Don’t fill up your resume with fluff; mention your skills, details of your education, and prior experience details – if any. Outline all your goals and use language that is sharp, crisp, and to the point.

Here are some extra tips to help you with your job hunting:

  • Next time, you are making a status update on Facebook, look and ask around for part-time jobs, join the right vacancy groups, and like relevant Uni pages to be posted on all their latest details. Social media sites could speed-up your search for you (times ten)!
  • Contact your Uni’s Careers Team and request for on-campus and off-campus part–time work options. That’s what they’re there for!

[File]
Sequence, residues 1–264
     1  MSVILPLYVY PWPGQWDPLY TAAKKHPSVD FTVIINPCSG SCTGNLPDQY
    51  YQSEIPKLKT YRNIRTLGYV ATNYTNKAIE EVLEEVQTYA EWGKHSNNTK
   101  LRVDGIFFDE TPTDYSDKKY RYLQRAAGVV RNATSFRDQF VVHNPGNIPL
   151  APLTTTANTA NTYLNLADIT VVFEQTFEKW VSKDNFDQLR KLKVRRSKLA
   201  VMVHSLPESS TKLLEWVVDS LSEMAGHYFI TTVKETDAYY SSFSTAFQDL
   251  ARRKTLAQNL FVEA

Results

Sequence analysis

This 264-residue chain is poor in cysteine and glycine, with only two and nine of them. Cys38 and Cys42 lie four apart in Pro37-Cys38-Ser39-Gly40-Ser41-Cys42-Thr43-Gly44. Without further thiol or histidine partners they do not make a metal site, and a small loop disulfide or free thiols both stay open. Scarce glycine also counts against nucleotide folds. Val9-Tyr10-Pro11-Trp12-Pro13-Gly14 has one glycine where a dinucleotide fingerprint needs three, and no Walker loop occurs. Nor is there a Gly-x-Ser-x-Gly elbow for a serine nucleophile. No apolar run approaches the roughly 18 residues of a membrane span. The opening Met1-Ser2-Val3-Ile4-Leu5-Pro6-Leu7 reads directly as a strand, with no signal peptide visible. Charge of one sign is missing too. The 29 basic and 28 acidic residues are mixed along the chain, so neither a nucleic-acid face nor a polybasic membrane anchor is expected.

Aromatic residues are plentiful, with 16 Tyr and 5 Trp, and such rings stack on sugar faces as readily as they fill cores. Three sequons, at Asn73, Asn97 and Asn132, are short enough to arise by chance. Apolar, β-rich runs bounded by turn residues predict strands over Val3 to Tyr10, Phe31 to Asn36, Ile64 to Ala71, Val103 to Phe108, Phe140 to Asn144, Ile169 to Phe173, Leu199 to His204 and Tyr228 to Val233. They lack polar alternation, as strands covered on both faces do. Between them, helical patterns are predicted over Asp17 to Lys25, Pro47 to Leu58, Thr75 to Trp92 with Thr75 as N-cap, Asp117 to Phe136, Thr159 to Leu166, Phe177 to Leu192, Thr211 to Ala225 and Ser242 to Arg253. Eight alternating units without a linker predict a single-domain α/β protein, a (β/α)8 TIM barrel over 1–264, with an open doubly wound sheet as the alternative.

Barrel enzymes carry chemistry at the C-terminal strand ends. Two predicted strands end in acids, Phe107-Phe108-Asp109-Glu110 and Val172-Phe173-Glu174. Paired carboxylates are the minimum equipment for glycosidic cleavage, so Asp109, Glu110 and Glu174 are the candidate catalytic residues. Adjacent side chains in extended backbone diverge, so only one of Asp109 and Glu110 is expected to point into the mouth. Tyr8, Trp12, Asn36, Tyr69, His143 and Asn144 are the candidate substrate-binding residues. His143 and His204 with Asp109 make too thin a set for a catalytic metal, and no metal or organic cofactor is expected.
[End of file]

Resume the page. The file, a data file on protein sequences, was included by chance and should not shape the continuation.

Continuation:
• Run a regular check on newspapers’ job-listings.
  • Try browsing popular part-time job websites (such as Careers Group London, Student Jobs, and E4S — for the UK).

The Big Bucks!

We’d love to conclude with a round figure of what your salary could look like — but the salary of your job will depend on various factors such as the country you are working in, number of hours you work and the job profile you are in.

So, these are the part-time basics we thought you should know before you set out on your student mission. In all the excitement of having landed a perfect part-time job, don’t forget what your main focus should be on at ALL times — studying! Make sure you know how to juggle your work and your study well and get the study-work balance right.

Got a fairly clear idea on how to start and where to find one? If you have any more interesting pointers you’d like to share with us, feel free to drop us a line or two! We would love to hear from you.

Also feel free to contact us regarding any other questions you may have about studying abroad — we, at Hotcourses India, are here for you!